When you think of your “assets,” what are the first things that come to mind? Likely, your tangible assets: your home, car, cash, furniture, documents, clothes, etc. Not surprisingly, people often forget or do not realize that pictures they uploaded onto websites and applications like Facebook and Instagram, information in user accounts on web-based platforms like My Verizon and myAT&T, documents uploaded to the “Cloud,” and emails stored in your email accounts are also “assets” that must be accounted for after a person passes or becomes incapacitated.
Hippocrates wrote, “vita brevis, ars longa.” Translated, this means “life is short, art is long.” It is a common reference to how time limits life and how art may prolong those limits. In an article that explores what motivates people to make charitable gifts, one gift planner explained that “[s]ome donors are motivated to make a gift that will last forever.” (Alexandra P. Brovey, My Client, a Donor? TRUSTS & ESTATES: THE WEALTH MANAGEMENT.COM JOURNAL FOR ESTATE-PLANNING PROFESSIONALS, October 2013, at 19, 20.)
Often times, people are displeased by the terms of a family member’s will and would like to have a court set aside the will. This frequently occurs when relatives are left out of a will, and there is concern that the will does not reflect the actual wishes of the decedent. Based on the circumstances in which a will is created or the consistency of a will under applicable state law, some wills may be invalidated. According to Julie Garber’s recent article, “What Are the Grounds for Contesting a Will?” there are four legal grounds on which a party may contest the validity of a will: (1) non-compliance with signing formalities, (2) lack of testamentary capacity, (3) undue influence, and (4) fraud.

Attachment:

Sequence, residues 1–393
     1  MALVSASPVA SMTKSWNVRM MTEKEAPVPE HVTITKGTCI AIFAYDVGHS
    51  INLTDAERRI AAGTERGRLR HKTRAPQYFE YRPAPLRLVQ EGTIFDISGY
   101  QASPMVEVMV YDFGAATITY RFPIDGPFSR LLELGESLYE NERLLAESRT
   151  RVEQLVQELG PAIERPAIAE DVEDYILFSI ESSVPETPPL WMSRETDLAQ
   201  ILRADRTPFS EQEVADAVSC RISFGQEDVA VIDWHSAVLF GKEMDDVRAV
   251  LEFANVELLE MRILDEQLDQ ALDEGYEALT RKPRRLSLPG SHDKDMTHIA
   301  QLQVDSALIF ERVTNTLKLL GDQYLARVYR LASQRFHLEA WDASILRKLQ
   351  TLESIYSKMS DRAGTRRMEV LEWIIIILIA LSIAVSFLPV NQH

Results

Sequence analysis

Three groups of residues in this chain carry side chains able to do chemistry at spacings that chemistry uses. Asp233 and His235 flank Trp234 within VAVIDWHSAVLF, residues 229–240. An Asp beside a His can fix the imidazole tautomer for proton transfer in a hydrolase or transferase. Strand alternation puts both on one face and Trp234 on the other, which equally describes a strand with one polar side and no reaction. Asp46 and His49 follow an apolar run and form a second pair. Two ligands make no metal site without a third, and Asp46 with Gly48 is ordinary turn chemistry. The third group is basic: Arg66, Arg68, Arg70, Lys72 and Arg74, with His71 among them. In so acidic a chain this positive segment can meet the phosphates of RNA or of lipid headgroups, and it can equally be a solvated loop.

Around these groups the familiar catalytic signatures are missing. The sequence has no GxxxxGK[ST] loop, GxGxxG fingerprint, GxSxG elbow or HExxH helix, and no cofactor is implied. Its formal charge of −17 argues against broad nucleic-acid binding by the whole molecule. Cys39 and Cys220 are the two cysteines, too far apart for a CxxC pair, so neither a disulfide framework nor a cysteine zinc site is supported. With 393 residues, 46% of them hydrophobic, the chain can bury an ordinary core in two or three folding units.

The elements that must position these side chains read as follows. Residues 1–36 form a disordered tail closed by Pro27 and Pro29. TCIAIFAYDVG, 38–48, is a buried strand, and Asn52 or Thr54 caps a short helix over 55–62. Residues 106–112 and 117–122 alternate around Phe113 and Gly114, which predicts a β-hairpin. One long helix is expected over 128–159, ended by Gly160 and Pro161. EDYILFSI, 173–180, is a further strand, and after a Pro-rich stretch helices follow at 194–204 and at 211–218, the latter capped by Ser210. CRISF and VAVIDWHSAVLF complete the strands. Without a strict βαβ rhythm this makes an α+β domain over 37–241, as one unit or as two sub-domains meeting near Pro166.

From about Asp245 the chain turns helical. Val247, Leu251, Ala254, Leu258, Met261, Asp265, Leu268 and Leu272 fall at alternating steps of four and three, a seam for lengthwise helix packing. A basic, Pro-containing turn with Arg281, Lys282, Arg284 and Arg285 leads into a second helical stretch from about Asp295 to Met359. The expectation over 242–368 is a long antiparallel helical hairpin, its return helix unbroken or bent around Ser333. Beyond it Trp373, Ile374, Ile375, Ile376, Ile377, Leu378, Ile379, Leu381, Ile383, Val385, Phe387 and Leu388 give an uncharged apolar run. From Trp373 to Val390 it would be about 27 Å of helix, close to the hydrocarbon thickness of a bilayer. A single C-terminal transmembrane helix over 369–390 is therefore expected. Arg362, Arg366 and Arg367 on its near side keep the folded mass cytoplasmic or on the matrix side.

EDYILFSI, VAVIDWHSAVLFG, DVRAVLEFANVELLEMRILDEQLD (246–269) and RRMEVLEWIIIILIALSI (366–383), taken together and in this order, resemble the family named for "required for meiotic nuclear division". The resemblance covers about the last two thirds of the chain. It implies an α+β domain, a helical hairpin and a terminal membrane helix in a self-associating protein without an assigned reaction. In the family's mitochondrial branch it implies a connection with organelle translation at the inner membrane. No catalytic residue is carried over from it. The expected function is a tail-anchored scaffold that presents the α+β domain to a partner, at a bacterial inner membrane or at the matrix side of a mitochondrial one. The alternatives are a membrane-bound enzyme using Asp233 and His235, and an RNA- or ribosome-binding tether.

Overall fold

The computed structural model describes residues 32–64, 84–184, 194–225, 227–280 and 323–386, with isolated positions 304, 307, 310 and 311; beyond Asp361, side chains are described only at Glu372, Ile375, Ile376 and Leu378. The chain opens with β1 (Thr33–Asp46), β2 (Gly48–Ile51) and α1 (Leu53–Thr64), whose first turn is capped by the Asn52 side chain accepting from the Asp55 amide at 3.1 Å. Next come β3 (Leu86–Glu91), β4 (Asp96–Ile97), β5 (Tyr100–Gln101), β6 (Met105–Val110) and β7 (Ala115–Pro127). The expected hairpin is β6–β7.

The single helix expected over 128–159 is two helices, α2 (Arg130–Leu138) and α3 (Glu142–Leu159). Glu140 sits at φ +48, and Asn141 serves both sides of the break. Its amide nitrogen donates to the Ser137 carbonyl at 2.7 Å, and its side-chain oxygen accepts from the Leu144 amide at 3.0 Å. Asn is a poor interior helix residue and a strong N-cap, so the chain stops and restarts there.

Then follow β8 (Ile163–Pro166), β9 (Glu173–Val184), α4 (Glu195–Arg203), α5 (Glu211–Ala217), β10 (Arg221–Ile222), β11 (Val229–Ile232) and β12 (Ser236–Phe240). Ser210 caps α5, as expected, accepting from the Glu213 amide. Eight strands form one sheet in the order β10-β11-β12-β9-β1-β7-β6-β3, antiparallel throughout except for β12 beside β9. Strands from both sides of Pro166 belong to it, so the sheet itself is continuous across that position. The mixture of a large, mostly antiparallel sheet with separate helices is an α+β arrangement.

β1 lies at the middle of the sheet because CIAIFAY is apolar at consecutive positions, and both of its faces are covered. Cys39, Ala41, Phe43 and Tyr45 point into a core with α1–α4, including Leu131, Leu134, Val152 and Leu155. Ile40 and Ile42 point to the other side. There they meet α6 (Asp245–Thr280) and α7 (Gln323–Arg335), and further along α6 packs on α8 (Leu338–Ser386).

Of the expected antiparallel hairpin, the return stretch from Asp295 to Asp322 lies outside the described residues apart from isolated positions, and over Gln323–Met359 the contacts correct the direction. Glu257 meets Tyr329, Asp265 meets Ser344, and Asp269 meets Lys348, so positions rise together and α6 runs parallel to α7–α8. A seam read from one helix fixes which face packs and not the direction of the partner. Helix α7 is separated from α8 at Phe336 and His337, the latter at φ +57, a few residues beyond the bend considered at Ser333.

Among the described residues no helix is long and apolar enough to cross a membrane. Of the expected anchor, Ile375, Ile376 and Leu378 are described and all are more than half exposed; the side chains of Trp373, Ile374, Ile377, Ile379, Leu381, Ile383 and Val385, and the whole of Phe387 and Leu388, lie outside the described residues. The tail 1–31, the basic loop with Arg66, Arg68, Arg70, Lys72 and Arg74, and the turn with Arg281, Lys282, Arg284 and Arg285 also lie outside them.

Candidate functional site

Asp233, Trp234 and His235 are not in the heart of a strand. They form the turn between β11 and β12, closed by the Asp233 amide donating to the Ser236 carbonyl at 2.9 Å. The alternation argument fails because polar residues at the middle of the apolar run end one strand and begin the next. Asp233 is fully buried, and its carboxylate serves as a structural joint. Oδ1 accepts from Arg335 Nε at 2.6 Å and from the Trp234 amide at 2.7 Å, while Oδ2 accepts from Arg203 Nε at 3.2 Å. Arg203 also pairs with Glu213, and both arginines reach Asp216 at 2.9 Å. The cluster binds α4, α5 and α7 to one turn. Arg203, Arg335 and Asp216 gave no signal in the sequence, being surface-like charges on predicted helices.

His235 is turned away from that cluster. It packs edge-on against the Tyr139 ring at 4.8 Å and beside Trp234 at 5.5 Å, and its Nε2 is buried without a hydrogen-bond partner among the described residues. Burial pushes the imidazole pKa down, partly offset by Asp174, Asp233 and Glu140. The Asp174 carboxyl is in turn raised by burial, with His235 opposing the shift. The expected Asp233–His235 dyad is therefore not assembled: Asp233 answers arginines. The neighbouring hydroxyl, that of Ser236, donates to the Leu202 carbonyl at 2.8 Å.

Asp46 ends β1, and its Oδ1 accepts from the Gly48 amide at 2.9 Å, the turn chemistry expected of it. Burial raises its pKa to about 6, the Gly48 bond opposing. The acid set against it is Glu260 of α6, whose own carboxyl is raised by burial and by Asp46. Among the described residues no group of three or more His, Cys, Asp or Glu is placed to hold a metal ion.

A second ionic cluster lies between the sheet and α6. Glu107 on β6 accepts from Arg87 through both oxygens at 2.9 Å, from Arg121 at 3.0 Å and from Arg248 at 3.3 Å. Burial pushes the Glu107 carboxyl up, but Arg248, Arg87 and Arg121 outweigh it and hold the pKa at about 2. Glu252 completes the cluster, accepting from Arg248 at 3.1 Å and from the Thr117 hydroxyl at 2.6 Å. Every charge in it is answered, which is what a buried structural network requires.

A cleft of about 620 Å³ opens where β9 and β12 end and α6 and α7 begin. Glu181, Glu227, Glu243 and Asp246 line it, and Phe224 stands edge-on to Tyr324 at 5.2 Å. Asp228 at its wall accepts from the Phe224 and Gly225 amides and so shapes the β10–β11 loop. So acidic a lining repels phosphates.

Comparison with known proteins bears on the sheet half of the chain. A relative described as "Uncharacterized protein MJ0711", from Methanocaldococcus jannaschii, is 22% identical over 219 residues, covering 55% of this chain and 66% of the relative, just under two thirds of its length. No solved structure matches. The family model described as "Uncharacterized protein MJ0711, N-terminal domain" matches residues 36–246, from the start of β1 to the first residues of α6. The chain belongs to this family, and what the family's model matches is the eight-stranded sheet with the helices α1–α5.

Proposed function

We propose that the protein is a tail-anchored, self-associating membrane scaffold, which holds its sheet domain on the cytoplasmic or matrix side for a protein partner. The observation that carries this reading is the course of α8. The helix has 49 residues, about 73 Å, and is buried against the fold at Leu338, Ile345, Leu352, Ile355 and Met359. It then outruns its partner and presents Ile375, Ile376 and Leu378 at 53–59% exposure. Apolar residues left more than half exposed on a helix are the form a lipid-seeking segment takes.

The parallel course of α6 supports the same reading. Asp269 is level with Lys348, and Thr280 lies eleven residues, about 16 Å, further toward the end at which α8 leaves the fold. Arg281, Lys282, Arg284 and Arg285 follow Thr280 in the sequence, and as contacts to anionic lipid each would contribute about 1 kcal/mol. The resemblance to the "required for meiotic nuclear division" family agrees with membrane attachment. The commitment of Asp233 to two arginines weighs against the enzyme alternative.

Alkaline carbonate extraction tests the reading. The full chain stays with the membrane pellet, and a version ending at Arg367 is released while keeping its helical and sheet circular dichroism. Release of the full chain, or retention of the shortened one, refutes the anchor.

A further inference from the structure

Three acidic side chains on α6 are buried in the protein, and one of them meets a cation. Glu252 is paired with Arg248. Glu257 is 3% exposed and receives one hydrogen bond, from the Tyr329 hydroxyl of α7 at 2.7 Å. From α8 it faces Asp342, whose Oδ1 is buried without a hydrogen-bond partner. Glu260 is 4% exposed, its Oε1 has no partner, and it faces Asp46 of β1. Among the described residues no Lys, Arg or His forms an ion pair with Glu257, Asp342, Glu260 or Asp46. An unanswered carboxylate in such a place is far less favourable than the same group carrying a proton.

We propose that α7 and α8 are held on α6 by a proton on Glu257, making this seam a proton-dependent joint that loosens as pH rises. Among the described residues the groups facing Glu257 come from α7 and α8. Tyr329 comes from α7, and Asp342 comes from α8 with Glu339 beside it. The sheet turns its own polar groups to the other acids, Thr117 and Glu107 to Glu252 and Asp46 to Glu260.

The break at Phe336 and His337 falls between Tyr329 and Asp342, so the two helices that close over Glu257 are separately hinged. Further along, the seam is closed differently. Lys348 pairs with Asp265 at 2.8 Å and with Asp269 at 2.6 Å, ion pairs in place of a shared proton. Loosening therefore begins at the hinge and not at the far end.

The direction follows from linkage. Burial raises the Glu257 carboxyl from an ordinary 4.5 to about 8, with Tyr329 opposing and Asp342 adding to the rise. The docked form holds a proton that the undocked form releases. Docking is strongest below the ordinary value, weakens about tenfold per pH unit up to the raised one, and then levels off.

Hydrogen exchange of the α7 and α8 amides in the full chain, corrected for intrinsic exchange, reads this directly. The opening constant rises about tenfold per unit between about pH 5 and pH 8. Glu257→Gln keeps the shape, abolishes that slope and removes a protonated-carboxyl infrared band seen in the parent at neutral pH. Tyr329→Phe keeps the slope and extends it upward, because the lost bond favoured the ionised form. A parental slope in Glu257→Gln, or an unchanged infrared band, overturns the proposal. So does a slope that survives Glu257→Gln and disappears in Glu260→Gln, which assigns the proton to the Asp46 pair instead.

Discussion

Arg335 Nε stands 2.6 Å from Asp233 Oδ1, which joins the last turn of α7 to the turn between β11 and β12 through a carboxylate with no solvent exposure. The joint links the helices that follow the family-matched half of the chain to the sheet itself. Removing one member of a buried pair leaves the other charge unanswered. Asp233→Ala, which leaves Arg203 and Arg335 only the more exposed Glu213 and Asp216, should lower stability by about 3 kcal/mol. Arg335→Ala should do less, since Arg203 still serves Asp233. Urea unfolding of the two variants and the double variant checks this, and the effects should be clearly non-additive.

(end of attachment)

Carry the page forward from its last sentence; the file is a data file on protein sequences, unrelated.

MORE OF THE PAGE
The consequences of will disputes range from the goals of the individual who created the will being greatly frustrated to failing completely, which is a shame because a will represents a person taking the time and energy to memorialize his or her last wishes in a testamentary instrument. However, poor estate planning combined with contentious litigation among family members can foil the best intentions of a testator.
In a recent article titled, “Look Who’s Moving In With Your Aging Parent,” author and mediator Carolyn Rosenblatt addressed concerns relating to the care of aging parents’ finances. In the article, Rosenblatt told the story of a 78-year old man named Arthur who suffers from early stage dementia, a mental illness common among men and women aged 65 and older.